The sharp and unexpected slowdown registered by the Italian economy in the last part of 2019 projects its negative effects onto the outlook for the current year. According to the Report on Recent Economic Developments for February, which updates the medium-term forecasts for Italy, growth is expected to remain modest, hampered by the weakness of the international economy and exposed to widespread uncertainty. Several risk factors, old and new, are also present.
The global economy between signs of a trade ceasefire and the coronavirus effect – Last year experienced a significant slowdown in world economic growth, which registered its slowest pace in the entire decade (2.9 per cent). The effects of the partial easing of trade tensions between the US and China are not yet reflected in the most recent data available on developments in world trade (Figure 1), while the International Monetary Fund has again revised downwards (for the sixth consecutive time) its forecasts for this year and next. Among other things, those forecasts were produced before a clearer indication of the precise extent of the coronavirus epidemic that broke out in China. According to still preliminary estimates, the economic impact of the outbreak on world GDP could be at least a couple of tenths of a percentage point already in the first quarter.
The legacy of the autumn freeze in Italy – While in the first three quarters of last year the Italian economy recorded barely positive economic growth, in the last quarter, Istat’s preliminary estimates show a sharp unexpected contraction (-0.3 per cent on the previous period). This setback ‑ although experienced to differing extents in the rest of the euro area (Figure 2) and attributable to contractions in industry, construction and agriculture ‑ did not so much impact the results for 2019, which closed with GDP growth of 0.2 per cent (0.8 per cent in 2018), as it did the legacy left for the current year: the statistical carry-over effect is expected to be a negative 0.2 percentage points.
The most recent indicators do not appear to signal a change in the conditions. In the fourth quarter industrial production contracted very sharply (-1.4 per cent on the previous quarter), similar to developments in Germany. The uncertainty of households and firms continues to rise, as indicated by the PBO index of uncertainty, which while remaining below the peak registered in 2013-2014 continued to worsen in the final part of 2019, mainly reflecting the construction and manufacturing components. All composite economic indicators show economic activity stagnating.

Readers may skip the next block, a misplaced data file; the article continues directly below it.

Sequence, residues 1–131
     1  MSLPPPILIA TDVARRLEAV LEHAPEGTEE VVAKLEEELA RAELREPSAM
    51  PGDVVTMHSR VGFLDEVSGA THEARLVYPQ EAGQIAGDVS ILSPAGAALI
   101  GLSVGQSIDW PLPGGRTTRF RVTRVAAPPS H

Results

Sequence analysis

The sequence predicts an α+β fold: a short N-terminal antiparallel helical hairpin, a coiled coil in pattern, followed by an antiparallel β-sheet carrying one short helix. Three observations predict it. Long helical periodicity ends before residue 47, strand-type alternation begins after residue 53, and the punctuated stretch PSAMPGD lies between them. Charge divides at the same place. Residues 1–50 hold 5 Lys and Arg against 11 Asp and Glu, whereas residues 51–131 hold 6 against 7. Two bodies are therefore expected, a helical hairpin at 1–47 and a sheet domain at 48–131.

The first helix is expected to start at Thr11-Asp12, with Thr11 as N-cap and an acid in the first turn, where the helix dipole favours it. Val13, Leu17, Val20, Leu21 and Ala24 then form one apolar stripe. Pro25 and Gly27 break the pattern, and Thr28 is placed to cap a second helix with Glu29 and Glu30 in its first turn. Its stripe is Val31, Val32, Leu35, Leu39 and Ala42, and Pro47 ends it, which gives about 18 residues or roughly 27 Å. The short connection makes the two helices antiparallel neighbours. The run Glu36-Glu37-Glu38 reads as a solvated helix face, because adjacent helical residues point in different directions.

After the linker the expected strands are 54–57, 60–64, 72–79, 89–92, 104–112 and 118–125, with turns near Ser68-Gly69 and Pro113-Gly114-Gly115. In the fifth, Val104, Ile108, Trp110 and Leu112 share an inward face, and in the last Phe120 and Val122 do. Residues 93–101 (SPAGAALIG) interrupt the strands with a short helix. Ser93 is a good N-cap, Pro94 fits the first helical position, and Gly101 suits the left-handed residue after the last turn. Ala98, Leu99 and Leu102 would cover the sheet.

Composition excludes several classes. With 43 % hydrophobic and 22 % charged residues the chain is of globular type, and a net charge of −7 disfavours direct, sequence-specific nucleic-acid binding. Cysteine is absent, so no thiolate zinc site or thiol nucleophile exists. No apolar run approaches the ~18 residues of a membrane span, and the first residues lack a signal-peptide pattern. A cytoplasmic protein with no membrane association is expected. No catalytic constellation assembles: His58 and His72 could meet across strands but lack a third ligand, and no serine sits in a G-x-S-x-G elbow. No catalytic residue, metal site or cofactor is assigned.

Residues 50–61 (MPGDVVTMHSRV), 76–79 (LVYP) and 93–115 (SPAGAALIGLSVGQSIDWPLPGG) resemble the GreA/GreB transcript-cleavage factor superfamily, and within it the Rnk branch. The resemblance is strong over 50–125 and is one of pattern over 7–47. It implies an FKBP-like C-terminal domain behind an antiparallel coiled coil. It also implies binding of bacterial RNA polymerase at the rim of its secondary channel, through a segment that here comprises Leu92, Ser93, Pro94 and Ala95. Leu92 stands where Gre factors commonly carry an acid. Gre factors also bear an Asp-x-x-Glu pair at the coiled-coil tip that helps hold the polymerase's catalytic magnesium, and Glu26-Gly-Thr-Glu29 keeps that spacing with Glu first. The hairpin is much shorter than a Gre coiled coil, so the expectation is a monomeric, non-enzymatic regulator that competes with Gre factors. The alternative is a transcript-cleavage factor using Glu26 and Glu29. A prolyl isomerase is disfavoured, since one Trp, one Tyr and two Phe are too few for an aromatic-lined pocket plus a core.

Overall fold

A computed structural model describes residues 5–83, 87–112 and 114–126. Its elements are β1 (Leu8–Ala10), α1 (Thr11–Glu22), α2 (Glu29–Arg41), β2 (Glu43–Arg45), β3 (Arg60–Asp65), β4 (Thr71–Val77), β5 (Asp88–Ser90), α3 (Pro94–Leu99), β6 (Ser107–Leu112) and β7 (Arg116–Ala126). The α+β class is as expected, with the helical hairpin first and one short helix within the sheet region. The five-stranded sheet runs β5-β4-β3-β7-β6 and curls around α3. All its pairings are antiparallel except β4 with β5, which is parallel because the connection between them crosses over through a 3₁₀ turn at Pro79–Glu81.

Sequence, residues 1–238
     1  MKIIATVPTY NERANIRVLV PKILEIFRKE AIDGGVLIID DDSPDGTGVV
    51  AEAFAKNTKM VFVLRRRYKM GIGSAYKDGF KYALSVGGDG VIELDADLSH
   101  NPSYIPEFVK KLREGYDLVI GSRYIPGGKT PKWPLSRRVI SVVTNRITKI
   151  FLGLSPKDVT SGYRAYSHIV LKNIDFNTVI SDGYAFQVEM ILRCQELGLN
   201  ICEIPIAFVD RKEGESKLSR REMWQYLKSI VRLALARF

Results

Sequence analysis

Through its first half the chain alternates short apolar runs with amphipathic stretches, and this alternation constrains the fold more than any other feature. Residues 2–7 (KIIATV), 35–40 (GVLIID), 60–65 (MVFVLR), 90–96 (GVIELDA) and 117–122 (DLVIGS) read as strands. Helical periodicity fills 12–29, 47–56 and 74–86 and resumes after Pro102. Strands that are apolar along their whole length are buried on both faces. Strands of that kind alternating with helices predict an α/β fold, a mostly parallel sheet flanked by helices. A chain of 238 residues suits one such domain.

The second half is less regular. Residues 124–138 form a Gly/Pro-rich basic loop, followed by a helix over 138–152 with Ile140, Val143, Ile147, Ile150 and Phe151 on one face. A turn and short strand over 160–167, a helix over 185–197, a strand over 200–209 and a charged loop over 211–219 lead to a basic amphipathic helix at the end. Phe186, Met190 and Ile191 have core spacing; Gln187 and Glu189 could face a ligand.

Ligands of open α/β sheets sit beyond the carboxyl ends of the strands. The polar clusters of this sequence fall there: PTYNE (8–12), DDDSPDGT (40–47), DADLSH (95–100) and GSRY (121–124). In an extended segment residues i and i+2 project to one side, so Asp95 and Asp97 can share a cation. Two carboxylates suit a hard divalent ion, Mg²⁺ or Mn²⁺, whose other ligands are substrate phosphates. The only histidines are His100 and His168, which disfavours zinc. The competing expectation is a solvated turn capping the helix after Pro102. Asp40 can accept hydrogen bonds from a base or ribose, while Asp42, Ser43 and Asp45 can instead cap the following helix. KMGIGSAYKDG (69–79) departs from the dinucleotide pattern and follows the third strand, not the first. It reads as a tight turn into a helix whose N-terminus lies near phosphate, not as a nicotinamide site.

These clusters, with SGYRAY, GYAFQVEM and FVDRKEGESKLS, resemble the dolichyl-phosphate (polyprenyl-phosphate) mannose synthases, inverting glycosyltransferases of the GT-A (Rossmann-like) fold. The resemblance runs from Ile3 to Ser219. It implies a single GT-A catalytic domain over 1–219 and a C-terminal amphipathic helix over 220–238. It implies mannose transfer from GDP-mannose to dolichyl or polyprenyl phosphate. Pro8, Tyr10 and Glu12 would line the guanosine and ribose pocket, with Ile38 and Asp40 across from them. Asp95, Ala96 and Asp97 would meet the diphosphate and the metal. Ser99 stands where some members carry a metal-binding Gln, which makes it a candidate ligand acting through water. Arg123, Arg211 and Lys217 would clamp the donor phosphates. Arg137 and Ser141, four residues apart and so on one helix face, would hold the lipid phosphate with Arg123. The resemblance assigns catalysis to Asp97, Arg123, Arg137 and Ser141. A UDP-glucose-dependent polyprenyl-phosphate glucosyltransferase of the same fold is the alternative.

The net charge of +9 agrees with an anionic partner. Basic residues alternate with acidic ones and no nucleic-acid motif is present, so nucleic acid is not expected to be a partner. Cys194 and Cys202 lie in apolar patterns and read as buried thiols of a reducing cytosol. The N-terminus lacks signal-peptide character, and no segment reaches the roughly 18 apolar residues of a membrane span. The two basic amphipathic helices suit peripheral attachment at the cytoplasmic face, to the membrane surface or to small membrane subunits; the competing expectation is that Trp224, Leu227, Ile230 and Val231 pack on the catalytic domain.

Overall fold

Macroeconomic forecasts and possible risks ‒ The short-term forecasting models of the PBO find that GDP in the current quarter will not recover the sharp drop registered in the previous period. Economic activity is expected to revive in subsequent quarters, buoyed by the slow recovery in domestic demand, while net foreign demand is forecast to make a very small contribution. GDP is projected to grow by 0.2 per cent in 2020 (0.1 per cent adjusted for the number of working days).
The forecasting exercise differs from those conducted by the PBO for the purpose of endorsing the macroeconomic scenarios of the MEF, in order to make it more directly comparable with the scenarios developed by the main international and national organisations. In particular, the baseline forecast for 2021 does not include the increase in indirect taxes provided for in the safeguard clauses and does not consider alternative funding measures. Under these assumptions GDP is expected to expand by 0.7 per cent next year (Table 1). Activation of the safeguard clauses would subtract between one and three-tenths of a percentage point from GDP growth next year, depending on assumptions about the degree to which the VAT increase is passed on to prices.
The risks to which to the macroeconomic scenario is exposed are strongly tilted to the downside, potentially impacting international economic conditions and, consequently, the situation in Italy as well. The scenario considers the recent easing of trade restrictions and the orderly launch of Brexit but it does not reflect any new sources of geo-political instability (in particular in the Middle East), as well as environmental risks. Any adverse developments in these areas could accentuate volatility on the commodity and foreign exchange markets, with an impact on international growth, exports and investment in Italy. One specific risk concerns the economic effects of the coronavirus epidemic, which are not quantified in this scenario, as the information available is still too preliminary.
The forecasts also assume the maintenance of accommodative monetary and financial conditions by the central banks and the stabilisation of risk premiums on government securities. Conversely, any shocks in the financial markets would induce rapid increases in the yields of sovereign debt securities which, if persistent, would affect the spending plans of firms and households.